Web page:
In response to comments received in response to the proposed revisions, DPH made a number of further revisions to clarify definitions and licensure requirements, streamline administrative and staffing requirements, and remove duplicative and unnecessary reporting requirements (aligning, when possible, reporting requirements of other state agencies).  A summary of comments received, and DPH’s responses to such comments, is contained in the Information Briefing provided to Dr. Bharel and the PHC. Continue Reading Massachusetts Department of Public Health – Final Hospital Licensure Regulations

As we’ve previously discussed on Health Law and Policy Matters, agencies within the Department of Health and Human Services (DHHS) pushed through several final rules towards the end of the Obama Administration (see here and here). However, since taking office, President Trump has followed through on his campaign promise to significantly roll back Federal regulations and has taken several actions aimed at slowing and reversing agency regulatory processes, including processes at the DHHS sub-agencies CMS and FDA. These executive actions are creating a climate of uncertainty for regulated industries and their stakeholders. Continue Reading Trump Executive Orders Create Uncertainty for Health Care & Pharmaceutical Industries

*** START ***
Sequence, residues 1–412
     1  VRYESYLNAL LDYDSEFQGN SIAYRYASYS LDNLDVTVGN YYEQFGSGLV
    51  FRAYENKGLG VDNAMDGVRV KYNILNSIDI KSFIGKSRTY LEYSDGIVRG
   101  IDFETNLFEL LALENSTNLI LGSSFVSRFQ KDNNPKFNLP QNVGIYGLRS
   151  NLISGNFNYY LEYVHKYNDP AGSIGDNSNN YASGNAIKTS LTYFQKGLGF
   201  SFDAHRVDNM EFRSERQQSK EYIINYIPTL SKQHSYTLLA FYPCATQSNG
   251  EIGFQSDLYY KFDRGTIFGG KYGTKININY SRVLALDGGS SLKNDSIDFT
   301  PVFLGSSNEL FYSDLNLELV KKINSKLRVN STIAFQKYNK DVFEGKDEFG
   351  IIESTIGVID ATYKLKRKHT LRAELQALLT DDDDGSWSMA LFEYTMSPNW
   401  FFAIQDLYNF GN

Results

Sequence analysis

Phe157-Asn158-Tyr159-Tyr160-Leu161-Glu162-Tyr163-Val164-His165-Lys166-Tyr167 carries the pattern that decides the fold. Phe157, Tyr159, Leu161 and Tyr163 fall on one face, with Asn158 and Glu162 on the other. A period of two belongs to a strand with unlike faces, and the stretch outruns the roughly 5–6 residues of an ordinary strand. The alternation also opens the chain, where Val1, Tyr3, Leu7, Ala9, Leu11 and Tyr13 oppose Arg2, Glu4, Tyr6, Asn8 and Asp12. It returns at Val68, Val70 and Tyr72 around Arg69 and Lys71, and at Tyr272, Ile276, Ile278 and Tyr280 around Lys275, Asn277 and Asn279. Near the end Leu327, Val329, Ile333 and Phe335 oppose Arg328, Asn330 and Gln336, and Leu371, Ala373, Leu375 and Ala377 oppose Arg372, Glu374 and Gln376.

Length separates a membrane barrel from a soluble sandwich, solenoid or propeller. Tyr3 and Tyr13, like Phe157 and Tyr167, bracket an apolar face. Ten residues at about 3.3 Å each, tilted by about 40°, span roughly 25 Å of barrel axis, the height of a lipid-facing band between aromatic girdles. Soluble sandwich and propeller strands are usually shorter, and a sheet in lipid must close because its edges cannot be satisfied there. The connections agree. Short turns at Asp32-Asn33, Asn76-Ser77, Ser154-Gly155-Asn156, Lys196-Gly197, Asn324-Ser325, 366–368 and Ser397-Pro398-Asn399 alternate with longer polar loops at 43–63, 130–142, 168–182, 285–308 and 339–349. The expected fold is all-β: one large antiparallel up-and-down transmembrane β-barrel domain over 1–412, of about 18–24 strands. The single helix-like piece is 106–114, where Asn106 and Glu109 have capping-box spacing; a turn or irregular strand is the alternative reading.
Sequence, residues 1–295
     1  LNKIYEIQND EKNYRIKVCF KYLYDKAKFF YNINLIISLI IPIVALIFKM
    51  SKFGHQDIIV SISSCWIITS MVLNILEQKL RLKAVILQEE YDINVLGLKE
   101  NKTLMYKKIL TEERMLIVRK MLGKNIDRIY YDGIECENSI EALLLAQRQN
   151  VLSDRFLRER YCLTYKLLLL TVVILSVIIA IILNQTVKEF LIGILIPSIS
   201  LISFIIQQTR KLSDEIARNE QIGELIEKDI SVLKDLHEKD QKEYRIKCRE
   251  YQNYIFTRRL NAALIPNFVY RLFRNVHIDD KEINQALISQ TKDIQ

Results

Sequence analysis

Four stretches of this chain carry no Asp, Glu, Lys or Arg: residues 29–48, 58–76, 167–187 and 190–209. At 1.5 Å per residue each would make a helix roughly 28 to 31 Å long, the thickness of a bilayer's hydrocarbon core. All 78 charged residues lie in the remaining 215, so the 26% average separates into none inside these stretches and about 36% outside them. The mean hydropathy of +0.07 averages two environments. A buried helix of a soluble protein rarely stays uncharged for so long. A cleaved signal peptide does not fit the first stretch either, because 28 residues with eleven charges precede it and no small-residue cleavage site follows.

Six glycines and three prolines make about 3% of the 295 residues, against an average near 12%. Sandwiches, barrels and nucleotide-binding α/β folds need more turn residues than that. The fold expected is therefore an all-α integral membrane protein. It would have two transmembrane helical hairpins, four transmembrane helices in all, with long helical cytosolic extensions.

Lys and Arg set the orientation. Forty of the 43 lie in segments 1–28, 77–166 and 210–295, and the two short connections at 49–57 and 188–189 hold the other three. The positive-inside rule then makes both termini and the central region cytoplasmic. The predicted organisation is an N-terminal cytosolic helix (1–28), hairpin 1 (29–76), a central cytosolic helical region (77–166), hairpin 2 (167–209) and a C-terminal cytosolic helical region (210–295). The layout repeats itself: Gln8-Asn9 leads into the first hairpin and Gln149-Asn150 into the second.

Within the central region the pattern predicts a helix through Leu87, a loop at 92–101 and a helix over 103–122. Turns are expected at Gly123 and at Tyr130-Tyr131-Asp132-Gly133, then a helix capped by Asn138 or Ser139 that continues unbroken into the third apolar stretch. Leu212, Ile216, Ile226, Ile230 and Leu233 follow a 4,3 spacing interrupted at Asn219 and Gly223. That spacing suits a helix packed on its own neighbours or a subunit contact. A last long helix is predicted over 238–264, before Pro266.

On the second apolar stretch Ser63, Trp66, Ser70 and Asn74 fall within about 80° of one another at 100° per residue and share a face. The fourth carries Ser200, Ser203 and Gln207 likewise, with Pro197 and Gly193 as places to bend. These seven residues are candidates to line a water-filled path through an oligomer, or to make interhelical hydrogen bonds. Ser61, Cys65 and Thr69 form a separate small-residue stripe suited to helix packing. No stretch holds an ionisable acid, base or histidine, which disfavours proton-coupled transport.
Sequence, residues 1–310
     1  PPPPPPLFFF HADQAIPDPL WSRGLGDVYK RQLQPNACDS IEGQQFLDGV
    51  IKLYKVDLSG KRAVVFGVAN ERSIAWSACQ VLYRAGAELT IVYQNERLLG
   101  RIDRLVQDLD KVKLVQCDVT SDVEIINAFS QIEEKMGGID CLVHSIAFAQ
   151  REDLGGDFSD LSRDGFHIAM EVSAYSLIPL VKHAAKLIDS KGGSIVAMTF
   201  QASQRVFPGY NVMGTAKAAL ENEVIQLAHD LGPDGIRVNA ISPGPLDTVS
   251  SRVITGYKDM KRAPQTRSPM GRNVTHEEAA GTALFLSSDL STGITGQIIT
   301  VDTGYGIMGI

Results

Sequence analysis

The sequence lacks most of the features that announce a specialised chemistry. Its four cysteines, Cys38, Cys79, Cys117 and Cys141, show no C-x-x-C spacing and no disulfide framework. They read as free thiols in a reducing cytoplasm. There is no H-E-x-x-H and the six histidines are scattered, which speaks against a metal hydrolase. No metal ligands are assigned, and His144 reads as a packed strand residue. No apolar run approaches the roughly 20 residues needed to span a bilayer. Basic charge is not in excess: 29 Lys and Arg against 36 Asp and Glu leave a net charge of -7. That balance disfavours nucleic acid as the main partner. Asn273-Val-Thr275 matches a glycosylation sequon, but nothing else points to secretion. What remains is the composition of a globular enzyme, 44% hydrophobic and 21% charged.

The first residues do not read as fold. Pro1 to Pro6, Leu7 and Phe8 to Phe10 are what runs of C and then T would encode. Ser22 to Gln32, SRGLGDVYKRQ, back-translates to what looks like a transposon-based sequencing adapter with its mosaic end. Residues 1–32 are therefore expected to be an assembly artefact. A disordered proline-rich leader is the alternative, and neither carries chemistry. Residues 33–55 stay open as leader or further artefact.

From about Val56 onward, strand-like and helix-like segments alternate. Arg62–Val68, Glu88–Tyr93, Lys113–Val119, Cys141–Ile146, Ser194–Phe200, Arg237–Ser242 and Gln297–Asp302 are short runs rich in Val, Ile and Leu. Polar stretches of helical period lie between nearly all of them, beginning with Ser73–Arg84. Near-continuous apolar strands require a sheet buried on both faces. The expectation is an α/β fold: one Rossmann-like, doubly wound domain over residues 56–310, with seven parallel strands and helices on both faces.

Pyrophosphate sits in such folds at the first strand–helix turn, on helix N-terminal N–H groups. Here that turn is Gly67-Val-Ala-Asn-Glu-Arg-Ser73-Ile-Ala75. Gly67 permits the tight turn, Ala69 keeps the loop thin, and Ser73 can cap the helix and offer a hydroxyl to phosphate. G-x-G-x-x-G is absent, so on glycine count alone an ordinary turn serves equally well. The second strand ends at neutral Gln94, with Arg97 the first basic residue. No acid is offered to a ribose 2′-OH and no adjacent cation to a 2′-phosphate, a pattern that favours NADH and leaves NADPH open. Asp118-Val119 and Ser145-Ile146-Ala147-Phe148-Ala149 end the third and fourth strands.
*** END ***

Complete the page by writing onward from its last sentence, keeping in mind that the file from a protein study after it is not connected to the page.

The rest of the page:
money_388130419Currently, state Medicaid programs have flexibility in developing payment policies, including utilizing supplemental payments and non-federal supplemental payment mechanisms. Supplemental payments pay providers above what they receive for an individual service through Medicaid provider rates.  Supplemental payments include disproportionate share hospital (DSH) and upper payment limit (UPL) payments and are a critical funding source for many safety net providers. States can fund the non-federal share of these payments through intergovernmental transfers, provider taxes, and certified public expenditures.